Expanded Cement: New Solutions for Age-Old Problems
Organization: International Conference on Ground Control in Mining
Jan 1, 1986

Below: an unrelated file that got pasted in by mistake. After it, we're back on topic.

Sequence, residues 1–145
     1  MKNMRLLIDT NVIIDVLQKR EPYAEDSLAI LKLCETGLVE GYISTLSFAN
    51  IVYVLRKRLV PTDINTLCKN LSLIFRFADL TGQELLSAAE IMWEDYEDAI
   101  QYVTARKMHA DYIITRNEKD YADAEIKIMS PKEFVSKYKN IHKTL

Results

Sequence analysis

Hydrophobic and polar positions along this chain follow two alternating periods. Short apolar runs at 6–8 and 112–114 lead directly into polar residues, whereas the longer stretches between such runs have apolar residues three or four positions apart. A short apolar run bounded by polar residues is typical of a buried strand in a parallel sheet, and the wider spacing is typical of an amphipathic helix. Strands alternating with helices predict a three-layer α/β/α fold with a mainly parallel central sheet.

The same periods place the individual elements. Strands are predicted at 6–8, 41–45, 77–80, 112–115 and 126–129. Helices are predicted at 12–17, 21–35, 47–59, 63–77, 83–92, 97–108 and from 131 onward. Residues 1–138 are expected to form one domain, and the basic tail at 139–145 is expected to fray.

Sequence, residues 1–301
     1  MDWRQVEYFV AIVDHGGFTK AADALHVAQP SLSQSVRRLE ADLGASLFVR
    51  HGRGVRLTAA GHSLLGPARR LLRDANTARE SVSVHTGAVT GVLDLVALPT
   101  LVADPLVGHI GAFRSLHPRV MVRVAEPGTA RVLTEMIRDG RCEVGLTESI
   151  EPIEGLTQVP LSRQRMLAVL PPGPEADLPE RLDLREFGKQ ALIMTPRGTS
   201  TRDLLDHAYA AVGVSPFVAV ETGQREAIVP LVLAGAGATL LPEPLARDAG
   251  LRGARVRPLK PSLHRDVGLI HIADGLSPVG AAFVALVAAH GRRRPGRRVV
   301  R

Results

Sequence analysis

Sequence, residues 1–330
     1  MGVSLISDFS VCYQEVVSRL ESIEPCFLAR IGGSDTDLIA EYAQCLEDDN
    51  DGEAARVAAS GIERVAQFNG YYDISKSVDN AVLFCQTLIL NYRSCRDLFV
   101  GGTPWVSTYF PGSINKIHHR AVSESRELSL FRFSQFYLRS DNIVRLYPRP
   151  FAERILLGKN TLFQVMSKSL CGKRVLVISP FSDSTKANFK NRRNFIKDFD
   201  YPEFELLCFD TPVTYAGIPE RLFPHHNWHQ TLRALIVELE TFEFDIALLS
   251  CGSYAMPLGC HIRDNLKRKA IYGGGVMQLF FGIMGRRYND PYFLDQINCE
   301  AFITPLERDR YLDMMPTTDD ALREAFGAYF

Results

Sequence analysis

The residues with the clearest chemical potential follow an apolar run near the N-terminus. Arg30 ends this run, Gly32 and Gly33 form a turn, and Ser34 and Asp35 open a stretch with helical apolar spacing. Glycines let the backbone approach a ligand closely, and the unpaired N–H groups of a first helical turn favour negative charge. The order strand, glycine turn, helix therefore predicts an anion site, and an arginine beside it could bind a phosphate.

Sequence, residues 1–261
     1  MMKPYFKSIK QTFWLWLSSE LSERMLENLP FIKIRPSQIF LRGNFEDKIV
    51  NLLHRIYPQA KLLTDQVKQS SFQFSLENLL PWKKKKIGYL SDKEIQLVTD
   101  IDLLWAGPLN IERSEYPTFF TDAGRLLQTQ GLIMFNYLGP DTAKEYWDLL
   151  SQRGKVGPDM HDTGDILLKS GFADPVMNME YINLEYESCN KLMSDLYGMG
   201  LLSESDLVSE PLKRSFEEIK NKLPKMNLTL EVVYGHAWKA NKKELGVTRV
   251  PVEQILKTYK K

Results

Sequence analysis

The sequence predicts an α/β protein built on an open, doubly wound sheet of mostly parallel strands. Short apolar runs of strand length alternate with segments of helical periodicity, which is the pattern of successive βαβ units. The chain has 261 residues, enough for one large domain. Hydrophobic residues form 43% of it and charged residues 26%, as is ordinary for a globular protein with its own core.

The development of an expanded cement product represents a major advance in the technology of roof control systems. Such a product is gaining recognition as a valuable tool in today's cost- conscious coal mines. The National Coal Board's Bretby Research Lab, in conjunction with Polement Ltd., developed the first lightweight cement for use in the mines of the United Kingdom. The product, Aqualight, is a low-density (about 12.5 PCF) cement with a typical compressive strength of about 19 p.s.i. The final product increases in volume by approximately 15 times its dry powder volume. Aqualight gels in about 2 minutes, becomes self-supporting in 15 minutes, and fully cur& in 24 hours. When subjected to a load, the "cells" within its bubble structure collapse so that the product gains in density and compressive strength while retaining its integrity. Traditional methods to contain and support roof fall cavities through cribbing and blocking are both dangerous and labor-intensive. Aqualight represents a significant advantage over such traditional methods. It is non-toxic, non-cmbustible, and very easy to install. Aqualight can be pumped to the worksite from re- mote locations (as much as 600 feet), thereby reducing danger to men and equipment. Addition- ally, the strength of the cured product can be varied by adjusting the expansion ratio and resulting density. A compressive strength of 150 p.s.i. can be obtained in this manner. Although primarily designed to fill cavities resulting from roof falls. Aqualight has found a wide range of applications in mining industries around the world. In addition to cavity- filling, Aqualight has been used for ventilation stoppings, fire stoppings and emergency fire control, backfilling between arches and the roof and ribs, and backfilling of old workings. Since its recent introduction into the United States. Aqualight has been used by MICON SER- VICES, INC. to fill several roof fall cavities along headgate entries. In all cases, the cavities were contained and the longwall moved through without problems. Roof Pall cavities along main haulage entries and at shaft/slope bottoms have been successfully filled. MICON has also installed Aqualight as backfill material around arches. A current major project is the installation of trial ventilation seals using Aqualight as an alternative to traditional block and mortar construction. Pending MSHA approval, MICON anticipates the use of Aqualight in the construction of both ventilation seals and stoppings. In addition to new construction, Aqualight can be employed to repair stoppings damaged by roof convergence and floor heave. In labor savings alone, this is very attractive for remote stopping repair. Among the many other uses of Aqualight is the backfilling of old auger holes, which will support the highwall and allow access to coal re- serves which are presently sterilized.